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Re: Made it to the top BUT?

Postby MartAstur » Wed Jan 23, 2013 16:08 pm

Thanks for the comments. I guess my main problem was that I was very unfit when I started cycling in October and my legs would give way before the heart got to speed up much. Since then my times have tumbled on Strava but the inevitable Plateau has now been hit. One encouraging point is that when I reached 163 max hr it was just trying to get to the top of a local climb regardless of time. Now I can climb the same hill faster but with a lower heart rate so all seems to be going in the right direction.
Up until now I have just been riding as much as possible (about 130km per week with 2000+m of climbing) just to build up some base fitness but haven't done any interval training or tried to establish HR, lactate values but I guess I should start doing that now. Because where I live is so hilly, would it be better doing intervals and HR testing on a turbo?

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Grill
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Re: Made it to the top BUT?

Postby Grill » Wed Jan 23, 2013 16:12 pm

MartAstur wrote:Thanks for the comments. I guess my main problem was that I was very unfit when I started cycling in October and my legs would give way before the heart got to speed up much. Since then my times have tumbled on Strava but the inevitable Plateau has now been hit. One encouraging point is that when I reached 163 max hr it was just trying to get to the top of a local climb regardless of time. Now I can climb the same hill faster but with a lower heart rate so all seems to be going in the right direction.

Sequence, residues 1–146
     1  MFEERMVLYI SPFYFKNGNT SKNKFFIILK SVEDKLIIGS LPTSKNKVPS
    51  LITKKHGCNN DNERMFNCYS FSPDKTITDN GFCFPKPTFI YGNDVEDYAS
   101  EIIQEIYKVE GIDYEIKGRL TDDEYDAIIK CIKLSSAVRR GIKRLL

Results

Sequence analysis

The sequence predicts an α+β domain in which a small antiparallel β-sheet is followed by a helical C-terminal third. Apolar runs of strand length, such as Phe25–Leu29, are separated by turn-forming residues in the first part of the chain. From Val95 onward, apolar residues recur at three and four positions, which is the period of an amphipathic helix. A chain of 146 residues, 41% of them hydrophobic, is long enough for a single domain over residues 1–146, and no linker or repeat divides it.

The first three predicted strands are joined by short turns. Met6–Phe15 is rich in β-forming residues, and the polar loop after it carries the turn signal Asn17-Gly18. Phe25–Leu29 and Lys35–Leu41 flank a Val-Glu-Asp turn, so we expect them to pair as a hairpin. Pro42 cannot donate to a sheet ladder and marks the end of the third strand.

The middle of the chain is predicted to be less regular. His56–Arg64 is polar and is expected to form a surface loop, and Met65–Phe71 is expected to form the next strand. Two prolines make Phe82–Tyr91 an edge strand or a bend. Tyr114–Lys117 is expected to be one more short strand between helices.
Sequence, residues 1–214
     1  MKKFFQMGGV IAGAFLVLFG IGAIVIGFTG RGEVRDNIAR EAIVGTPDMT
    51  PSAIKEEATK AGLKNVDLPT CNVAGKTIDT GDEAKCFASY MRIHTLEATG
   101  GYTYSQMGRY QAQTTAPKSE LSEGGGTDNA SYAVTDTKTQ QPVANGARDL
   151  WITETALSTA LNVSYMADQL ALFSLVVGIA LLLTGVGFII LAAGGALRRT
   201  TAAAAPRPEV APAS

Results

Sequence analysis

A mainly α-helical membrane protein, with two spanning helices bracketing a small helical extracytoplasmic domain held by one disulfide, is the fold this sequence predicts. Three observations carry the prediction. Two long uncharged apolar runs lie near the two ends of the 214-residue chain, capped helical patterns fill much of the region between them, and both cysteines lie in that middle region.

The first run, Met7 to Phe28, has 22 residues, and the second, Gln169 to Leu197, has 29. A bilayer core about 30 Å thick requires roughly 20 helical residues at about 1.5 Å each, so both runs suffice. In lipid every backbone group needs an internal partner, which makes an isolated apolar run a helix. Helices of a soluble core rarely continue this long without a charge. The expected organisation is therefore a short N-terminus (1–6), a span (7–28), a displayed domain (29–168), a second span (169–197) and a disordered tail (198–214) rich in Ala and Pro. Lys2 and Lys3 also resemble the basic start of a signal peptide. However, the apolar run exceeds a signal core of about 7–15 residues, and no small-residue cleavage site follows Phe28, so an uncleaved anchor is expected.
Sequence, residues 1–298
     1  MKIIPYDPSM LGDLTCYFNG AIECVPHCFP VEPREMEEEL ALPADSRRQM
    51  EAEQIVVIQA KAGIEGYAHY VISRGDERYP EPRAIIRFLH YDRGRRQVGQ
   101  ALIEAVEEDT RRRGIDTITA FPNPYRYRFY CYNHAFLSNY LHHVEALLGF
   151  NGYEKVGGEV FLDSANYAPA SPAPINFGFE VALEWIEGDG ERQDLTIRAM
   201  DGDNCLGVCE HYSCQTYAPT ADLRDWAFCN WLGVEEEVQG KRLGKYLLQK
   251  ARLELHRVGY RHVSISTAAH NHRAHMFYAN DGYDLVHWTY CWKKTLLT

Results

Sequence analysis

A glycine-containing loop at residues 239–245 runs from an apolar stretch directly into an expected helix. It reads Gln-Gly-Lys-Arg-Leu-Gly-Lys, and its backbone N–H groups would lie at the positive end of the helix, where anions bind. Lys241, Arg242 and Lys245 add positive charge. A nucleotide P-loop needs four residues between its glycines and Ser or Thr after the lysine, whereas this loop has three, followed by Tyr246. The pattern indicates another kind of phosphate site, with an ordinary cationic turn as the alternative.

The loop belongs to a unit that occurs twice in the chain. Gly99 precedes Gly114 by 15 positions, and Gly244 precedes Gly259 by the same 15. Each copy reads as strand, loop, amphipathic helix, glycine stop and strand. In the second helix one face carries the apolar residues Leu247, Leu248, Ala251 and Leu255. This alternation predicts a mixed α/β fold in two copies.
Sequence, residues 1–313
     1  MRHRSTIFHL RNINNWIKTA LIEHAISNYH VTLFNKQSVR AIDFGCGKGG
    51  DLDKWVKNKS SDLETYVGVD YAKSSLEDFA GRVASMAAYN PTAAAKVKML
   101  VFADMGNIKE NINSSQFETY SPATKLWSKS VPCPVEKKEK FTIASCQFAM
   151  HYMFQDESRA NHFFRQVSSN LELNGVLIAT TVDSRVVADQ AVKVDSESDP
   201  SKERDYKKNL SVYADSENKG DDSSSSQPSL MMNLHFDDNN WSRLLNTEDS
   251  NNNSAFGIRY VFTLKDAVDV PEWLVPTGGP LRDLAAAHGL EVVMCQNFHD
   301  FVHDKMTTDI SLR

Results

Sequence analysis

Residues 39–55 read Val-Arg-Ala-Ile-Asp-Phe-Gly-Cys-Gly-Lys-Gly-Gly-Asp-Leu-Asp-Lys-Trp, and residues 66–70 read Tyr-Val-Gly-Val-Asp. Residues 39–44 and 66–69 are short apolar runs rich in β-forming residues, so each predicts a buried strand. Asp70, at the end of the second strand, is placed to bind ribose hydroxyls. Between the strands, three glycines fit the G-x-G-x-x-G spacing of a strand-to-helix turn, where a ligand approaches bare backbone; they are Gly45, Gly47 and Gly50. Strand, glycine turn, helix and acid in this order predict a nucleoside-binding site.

Up until now I have just been riding as much as possible (about 130km per week with 2000+m of climbing) just to build up some base fitness but haven't done any interval training or tried to establish HR, lactate values but I guess I should start doing that now. Because where I live is so hilly, would it be better doing intervals and HR testing on a turbo?


Yes for HR test, and it's up to you for intervals.
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MartAstur
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Re: Made it to the top BUT?

Postby MartAstur » Wed Jan 23, 2013 19:13 pm

To do an HR test I was thinking of doing 10 min warm up and then 2 full on intervals of 5 mins with a 10 min recovery in between and then a 10 to 20 min warm down. Does that sound OK? or should I just go hell for leather and see what I peak at?

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Grill
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Re: Made it to the top BUT?

Postby Grill » Wed Jan 23, 2013 20:13 pm

No it doesn't. You need to push yourself harder than you've ever thought possible and then a little bit more. Do it on a day you feel really good and do 3 10-20 minute intervals with 5-10 minutes recovery. My advice is to find a good friend to shout abuse at you and also to hold the sick bucket (not a joke). You shouldn't be able to stand afterwards.